I have been accused of not giving a script to the actors. In our filmmaking genre where we work mostly with non-professional actors, this is a very routine way of filmmaking practiced by myself and many of my colleagues; the cast mostly consists of non-actors. Therefore, the director does not find it necessary to give them a script. This accusation sounds more like a joke that has no place in the judiciary system.

I have been accused of having signed a declaration. I have singed one: an open letter signed by 37 prominent film makers, in order to express their concern about the turn of events in the country. I was one of them. Unfortunately, instead of listening to the concerns, we were accused of treachery. However, these filmmakers are the very same people who have expressed their concerns in the past about injustices around the world. How can you expect them to remain indifferent to the fate of their own country?

I have been accused of organizing demonstrations at the opening of Montreal Film Festival. At least some truth and fairness should back up any accusations. I was the chair of the jury in Montreal and arrived only a few hours before the opening. How could I have organized a demonstration in a place where I hardly knew anyone? Let’s not forget that in those days the Iranian Diaspora would gather at any relevant event around the world to voice their demands.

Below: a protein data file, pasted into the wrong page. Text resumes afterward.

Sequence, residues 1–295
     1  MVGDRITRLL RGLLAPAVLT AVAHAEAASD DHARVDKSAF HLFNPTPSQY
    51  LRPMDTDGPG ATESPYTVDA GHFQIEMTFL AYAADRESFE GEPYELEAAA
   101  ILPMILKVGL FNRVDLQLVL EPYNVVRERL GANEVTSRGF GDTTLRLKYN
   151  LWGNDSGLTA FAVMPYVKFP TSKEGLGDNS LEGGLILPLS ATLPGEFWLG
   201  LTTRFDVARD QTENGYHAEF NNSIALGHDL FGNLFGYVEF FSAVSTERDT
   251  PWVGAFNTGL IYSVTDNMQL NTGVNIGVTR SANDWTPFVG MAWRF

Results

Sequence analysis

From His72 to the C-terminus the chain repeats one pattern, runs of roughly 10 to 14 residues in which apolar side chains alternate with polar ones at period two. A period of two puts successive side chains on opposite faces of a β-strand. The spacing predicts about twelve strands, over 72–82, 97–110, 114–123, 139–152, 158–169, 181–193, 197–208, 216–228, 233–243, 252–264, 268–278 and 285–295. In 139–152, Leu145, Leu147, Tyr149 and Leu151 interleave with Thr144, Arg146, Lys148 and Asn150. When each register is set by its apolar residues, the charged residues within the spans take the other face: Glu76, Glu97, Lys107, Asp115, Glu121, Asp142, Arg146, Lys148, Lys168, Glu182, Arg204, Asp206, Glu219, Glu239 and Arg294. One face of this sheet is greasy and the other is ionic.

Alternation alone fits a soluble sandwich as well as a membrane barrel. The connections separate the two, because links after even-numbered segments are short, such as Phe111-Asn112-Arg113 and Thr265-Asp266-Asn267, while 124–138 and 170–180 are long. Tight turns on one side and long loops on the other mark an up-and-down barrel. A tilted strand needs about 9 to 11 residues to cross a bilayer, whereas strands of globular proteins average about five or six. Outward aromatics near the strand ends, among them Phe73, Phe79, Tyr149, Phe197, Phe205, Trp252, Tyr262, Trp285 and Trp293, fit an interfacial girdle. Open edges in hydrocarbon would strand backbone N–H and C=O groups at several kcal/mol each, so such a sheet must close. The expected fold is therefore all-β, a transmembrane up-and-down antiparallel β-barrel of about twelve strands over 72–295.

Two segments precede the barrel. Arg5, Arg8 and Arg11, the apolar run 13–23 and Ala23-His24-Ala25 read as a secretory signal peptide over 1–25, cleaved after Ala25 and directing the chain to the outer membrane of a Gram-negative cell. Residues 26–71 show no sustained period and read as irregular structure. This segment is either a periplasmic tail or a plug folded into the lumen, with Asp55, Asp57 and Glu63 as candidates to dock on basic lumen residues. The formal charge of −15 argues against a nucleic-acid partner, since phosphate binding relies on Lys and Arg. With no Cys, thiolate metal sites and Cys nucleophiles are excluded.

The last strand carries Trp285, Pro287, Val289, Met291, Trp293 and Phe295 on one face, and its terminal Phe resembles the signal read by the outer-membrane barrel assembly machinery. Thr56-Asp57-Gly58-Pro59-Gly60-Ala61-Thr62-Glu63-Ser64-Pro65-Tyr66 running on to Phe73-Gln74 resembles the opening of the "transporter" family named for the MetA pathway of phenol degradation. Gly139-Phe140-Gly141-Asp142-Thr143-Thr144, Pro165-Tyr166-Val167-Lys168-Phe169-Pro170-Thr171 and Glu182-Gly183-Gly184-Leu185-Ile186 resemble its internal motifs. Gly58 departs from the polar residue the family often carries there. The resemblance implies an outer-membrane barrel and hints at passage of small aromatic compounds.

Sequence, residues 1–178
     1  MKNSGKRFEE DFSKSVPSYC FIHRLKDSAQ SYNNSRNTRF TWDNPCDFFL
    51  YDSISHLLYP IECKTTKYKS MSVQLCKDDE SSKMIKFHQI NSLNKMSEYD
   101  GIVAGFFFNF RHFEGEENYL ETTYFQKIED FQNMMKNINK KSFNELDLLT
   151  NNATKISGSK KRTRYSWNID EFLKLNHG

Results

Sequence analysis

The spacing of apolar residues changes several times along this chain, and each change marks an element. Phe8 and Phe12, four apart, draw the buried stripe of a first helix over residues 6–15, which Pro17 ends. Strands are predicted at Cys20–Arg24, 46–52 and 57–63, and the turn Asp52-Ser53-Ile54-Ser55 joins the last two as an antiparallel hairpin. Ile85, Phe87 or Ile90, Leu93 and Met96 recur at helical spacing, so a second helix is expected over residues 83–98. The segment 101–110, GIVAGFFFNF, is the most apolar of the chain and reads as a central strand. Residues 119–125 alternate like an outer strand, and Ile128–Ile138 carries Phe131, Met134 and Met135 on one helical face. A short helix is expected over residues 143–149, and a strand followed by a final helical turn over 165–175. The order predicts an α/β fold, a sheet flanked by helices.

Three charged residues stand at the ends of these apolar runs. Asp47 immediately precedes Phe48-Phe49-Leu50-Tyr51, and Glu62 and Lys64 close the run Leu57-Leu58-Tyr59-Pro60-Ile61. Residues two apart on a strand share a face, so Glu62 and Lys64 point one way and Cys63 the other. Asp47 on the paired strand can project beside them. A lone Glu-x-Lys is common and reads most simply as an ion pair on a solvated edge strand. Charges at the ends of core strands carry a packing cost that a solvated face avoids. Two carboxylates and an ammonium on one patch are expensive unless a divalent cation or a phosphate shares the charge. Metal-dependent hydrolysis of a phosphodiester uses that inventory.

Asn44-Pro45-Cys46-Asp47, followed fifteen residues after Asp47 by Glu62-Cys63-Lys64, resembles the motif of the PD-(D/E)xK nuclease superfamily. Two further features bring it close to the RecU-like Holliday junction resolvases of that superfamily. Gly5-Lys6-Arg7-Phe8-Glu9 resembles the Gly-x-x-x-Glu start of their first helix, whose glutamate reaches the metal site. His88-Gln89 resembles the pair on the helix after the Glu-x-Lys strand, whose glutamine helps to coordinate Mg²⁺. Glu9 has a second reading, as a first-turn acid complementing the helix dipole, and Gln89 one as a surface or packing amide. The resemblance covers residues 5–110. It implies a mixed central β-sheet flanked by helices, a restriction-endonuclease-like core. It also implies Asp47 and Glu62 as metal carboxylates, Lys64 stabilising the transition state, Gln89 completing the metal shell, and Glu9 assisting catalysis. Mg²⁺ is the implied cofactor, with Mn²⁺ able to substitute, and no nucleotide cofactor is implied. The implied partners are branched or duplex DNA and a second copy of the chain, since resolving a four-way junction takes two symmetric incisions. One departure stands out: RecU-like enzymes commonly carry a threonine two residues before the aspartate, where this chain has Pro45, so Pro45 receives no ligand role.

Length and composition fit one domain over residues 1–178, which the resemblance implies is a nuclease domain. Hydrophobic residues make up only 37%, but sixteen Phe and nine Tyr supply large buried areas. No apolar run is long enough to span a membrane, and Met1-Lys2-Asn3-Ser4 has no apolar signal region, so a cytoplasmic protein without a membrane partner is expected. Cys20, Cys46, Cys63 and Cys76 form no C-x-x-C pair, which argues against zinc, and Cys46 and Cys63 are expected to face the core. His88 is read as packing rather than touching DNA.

I have been accused of giving interviews to Persian-speaking media abroad. I know for fact that there are no laws forbidding us from giving interviews.

Part 2: What I say.

History testifies that an artist’s mind is the analytical mind of his society. By learning about the culture and history of his country, by observing the events that occur in his surroundings, he sees, analyzes and presents issues of the day through his art form to the society.

How can anyone be accused of any crime because of his mind and what passes through the mind?

The assassination of ideas and sterilizing artists of a society has only one result: killing the roots of art and creativity. Arresting my colleagues and I while shooting an unfinished film is nothing but an attack by those in power on all the artists of this land. It drives this crystal clear however sad message home: “You will repent if you don’t think like us.”

I would like to remind the court of yet an other ironic fact about my imprisonment: the space given to Jafar Panahi’s festival awards in Tehran’s Museum of Cinema is much larger than his cell in prison.

All said, despite all the injustice done to me, I, Jafar Panahi, declare once again that I am an Iranian, I am staying in my country and I like to work in my own country. I love my country, I have paid a price for this love too, and I am willing to pay again if necessary. I have yet another declaration to add to the first one. As shown in my films, I declare that I believe in the right of “the other” to be different, I believe in mutual understanding and respect, as well as in tolerance; the tolerance that forbid me from judgment and hatred. I don’t hate anybody, not even my interrogators.